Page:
Saturday, October 08, 2005

Blackberry Whine

Here is a U.S.-Canada battle worth watching. Research in Motion, the makers of the ubiquitous and, for some, essential Blackberry wireless e-mail and phone devices has been sued for patent infringement. The U.S. patent holder, NTP, sued RIM for infringing patents relating to its software for transmitting e-mail. RIM's main argument is that its servers are located in Ontario (that's Canada, not California), which is a separate sovereign country where U.S. patent laws are not in effect. The U.S. Court of Appeals for the Federal Circuit, which also hears appeals from the Court of International Trade, was not swayed by the border argument. The most recent opinion is here.

The news media now reports that the Federal Circuit has denied RIM's request for en banc review by the entire 12-member court. RIM faces the possibility of an injunction against sales or operations in the U.S., which, according to the New York Times, is 70% of its revenue.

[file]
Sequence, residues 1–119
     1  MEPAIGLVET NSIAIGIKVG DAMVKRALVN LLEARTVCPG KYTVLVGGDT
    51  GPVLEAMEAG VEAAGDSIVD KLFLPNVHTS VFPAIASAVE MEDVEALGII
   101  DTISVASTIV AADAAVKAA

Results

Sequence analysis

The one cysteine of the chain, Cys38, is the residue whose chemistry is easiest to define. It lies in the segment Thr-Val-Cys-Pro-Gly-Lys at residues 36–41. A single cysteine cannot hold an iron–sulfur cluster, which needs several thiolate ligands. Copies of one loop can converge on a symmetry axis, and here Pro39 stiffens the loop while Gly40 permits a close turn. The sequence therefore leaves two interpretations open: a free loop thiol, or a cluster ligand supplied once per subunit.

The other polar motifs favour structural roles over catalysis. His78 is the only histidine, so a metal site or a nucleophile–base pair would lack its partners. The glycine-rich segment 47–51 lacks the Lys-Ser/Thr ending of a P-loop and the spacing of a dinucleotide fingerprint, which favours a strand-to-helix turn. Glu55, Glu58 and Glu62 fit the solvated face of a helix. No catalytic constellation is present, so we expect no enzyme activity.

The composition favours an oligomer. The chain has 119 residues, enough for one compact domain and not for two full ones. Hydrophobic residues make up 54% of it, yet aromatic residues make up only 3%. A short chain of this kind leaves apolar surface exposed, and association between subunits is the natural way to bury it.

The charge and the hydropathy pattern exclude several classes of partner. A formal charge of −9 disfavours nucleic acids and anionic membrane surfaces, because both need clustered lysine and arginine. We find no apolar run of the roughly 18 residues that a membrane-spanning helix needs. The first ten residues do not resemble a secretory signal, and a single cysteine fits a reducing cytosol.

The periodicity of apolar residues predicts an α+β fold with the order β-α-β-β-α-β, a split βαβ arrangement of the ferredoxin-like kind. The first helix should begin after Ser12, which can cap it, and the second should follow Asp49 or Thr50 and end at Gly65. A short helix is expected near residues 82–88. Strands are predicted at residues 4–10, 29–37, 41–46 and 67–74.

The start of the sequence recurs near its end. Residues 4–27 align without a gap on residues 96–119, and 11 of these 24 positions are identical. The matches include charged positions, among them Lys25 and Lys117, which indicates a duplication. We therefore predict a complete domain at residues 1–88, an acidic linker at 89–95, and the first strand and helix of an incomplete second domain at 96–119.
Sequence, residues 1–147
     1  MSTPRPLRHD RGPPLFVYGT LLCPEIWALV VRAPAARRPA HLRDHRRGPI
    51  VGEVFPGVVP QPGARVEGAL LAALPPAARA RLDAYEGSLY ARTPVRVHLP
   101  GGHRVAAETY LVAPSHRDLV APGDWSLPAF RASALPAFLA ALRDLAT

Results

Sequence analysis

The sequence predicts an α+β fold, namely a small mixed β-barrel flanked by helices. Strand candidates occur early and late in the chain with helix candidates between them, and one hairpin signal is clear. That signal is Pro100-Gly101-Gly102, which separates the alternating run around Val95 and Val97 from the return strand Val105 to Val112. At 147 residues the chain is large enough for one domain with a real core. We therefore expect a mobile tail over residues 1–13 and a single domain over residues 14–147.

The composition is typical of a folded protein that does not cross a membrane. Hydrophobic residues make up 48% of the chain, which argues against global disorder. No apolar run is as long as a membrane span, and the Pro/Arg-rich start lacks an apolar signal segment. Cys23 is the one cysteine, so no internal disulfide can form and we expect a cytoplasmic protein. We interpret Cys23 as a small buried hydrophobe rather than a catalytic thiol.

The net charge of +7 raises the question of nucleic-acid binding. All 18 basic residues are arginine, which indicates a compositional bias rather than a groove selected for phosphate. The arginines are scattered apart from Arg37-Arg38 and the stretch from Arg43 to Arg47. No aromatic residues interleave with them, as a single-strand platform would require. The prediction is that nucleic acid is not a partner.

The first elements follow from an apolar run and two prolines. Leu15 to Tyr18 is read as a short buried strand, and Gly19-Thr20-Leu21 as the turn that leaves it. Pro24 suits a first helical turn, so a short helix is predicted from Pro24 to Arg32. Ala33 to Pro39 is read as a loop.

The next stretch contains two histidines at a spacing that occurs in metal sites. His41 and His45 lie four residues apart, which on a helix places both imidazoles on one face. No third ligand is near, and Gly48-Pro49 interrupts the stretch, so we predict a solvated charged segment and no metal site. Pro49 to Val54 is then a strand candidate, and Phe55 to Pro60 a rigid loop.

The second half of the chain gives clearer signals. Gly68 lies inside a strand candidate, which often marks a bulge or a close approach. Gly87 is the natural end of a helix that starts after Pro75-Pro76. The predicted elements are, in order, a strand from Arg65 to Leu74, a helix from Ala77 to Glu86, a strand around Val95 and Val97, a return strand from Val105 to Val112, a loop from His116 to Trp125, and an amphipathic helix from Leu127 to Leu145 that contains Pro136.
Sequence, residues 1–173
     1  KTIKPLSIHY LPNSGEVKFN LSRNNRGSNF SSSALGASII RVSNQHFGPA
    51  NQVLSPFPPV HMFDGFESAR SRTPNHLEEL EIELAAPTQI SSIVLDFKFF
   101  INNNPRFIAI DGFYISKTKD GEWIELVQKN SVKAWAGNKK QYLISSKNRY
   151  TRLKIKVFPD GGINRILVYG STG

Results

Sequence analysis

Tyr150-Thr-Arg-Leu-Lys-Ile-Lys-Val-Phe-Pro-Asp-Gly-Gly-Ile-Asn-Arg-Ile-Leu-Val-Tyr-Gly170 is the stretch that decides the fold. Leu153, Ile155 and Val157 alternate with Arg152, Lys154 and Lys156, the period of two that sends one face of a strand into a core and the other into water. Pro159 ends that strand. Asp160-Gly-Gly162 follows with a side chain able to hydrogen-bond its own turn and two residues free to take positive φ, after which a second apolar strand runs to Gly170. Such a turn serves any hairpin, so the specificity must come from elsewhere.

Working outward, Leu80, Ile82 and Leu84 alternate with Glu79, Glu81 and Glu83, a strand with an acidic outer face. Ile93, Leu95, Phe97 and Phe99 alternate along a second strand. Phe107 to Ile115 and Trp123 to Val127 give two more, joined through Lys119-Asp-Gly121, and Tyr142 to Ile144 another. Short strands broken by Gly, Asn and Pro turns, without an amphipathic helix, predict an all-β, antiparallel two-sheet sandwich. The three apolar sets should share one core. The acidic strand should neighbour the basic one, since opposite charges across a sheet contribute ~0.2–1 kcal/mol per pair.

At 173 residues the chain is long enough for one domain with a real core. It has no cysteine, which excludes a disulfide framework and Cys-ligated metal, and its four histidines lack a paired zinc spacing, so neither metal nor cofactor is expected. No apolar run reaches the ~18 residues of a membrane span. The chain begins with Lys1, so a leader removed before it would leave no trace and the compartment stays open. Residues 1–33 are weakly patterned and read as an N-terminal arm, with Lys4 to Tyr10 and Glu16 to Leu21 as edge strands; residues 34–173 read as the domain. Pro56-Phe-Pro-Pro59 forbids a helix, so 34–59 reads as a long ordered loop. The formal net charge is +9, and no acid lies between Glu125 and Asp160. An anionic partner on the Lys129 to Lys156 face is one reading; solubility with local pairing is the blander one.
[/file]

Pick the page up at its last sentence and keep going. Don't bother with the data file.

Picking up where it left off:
Two interesting things are bound to happen. First, RIM will surely appeal to the Supreme Court which, if it takes the case, will have to make a decision about the extraterritorial application of the patent law. This may be unlikely as the Federal Circuit hears all patent appeals and there is no possibility for another circuit to disagree with it. Also, there is no obvious constitutional issue. The second thing going on is that the U.S. Patent & Trademark Office is re-examining the NTP patents to see if they should have been issued in the first place. According to RIM, that is looking like a promising way to get this wrapped up.

We'll have to see what happens. Just image the hue and cry from Blackberry addicts if the service goes dark. Palm shares rose on this thought alone. If that happens, I suspect the Canadian military will have to move to the border as U.S. white-collar workers threaten to invade Ontario in an effort to force RIM to settle with NTP.


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